The NSO’s first advance estimate of national income pegs India’s GDP growth at 9.2% in FY22, from a contraction of 7.3% in FY21. economy likely surpassing pre-pandemic levels by March, this looks like a season of opportunity. While the IMF suggests that India could be the fastest growing Asian economy in 2022 in real terms, and the only one on the continent to grow in double digits in nominal terms, the market research firm Jefferies believes the country has already entered an economic supercycle. by a decisive turnaround in the real estate cycle. Similarly, IHS Markit Ltd predicts that India is likely to overtake Japan as Asia’s second-largest economy by 2030. Currently, we are the world’s sixth-largest economy, behind the United States, China, Japan, Germany and the UK.
The projected growth rate of 9.2% quickens the pulse, but it should be noted that it is on a low base. Moreover, the most important component, namely consumption, is not entirely out of the woods. The service sector, the lifeblood of any economy, is struggling desperately overnight. And both stare at the enemy (Omicron infections) fearful of lockdown-like restrictions, which could knock them out three times. Even if the economy somehow manages to escape the effects of a potential third wave, there is another proverbial elephant in the room: inflation. As Morgan Stanley notes, the significant rise in prices in major economies, coupled with supply chain disruptions and labor shortages, is giving a clear signal to central banks to raise rates. But such a decision could put an end to the recovery, in particular because consumption and investment are barely picking up.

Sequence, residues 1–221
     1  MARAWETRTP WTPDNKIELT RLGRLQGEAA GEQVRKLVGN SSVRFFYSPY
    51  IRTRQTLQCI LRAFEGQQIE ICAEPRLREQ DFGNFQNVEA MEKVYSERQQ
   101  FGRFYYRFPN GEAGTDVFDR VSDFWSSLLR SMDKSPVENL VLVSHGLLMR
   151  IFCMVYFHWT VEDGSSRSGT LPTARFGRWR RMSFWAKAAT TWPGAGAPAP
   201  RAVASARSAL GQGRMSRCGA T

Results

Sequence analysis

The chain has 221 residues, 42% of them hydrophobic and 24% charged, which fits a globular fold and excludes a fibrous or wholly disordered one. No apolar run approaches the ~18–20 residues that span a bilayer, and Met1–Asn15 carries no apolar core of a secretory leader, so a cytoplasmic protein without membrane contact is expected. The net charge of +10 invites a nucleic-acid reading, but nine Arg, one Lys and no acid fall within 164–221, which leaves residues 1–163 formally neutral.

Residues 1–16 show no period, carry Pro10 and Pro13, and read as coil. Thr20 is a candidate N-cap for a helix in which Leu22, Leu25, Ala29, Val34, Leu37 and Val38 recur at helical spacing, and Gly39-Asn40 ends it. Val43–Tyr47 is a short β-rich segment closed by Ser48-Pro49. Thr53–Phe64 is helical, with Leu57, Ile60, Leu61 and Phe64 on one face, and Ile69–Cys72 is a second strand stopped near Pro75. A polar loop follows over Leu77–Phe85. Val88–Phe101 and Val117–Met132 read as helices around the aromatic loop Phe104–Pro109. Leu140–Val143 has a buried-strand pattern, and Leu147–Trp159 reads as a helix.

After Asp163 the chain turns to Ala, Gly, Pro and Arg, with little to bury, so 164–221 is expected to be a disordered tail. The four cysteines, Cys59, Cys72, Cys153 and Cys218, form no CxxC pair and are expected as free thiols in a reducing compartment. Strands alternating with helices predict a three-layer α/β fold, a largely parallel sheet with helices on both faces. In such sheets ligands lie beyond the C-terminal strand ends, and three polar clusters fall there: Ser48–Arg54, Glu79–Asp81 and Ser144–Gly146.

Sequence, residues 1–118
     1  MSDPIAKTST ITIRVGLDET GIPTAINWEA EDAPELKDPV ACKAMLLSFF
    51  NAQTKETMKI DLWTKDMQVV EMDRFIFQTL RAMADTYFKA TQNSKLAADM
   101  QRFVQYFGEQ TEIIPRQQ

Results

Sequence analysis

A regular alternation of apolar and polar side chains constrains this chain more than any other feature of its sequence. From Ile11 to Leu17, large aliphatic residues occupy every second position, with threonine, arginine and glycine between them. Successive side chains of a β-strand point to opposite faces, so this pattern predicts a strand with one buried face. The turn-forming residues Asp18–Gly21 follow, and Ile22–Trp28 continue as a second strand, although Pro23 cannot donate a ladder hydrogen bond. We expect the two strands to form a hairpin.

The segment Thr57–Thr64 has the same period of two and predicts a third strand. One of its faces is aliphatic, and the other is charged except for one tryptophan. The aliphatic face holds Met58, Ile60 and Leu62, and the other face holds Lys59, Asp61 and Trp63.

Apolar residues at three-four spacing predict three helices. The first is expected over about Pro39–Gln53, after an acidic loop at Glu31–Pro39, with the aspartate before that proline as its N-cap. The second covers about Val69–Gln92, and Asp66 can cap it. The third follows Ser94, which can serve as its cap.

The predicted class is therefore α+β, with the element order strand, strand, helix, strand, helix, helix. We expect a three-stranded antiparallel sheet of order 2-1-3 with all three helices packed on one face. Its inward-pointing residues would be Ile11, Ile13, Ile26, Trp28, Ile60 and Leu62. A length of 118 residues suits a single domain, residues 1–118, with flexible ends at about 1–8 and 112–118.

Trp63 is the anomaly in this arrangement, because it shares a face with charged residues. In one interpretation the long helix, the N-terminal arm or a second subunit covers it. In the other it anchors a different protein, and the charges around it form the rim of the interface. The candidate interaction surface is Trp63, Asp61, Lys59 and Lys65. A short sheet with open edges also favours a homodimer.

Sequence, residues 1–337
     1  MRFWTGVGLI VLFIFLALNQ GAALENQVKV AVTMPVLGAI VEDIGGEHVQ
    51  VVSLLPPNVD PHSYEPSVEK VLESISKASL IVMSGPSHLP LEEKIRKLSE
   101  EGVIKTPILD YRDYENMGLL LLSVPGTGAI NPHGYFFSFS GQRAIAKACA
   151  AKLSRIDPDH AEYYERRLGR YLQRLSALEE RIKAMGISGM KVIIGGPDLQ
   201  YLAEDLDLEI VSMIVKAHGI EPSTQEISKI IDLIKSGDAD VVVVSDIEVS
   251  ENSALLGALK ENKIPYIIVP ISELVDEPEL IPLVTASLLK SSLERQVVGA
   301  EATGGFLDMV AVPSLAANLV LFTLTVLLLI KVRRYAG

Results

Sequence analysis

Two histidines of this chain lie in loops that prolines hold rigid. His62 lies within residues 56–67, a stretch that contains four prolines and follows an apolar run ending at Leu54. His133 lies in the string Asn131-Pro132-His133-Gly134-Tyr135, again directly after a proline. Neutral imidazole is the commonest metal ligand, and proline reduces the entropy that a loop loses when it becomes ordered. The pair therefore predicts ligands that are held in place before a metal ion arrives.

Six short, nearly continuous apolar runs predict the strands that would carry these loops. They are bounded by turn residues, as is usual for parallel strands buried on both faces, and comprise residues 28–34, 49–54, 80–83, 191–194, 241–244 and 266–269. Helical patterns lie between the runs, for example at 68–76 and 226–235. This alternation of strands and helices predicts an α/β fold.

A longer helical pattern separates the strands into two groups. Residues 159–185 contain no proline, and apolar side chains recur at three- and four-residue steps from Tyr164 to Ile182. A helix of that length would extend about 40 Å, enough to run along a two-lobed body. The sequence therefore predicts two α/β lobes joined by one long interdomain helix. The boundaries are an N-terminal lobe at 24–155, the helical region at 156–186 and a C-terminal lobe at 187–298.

As we have seen, China, which has withdrawn its political support and tightened regulations, suffered a mini-downturn last year. As India’s economy rebounds strongly, helped by structural reforms and rising immunization rates, some key elements of a business cycle have yet to complete a 360 degree turn. Put simply, 2022 could well be the year of the great rebalancing involving the central bank to deliver calibrated easing followed by a fiscal plan that prioritizes spending with foresight to avoid another economic coma.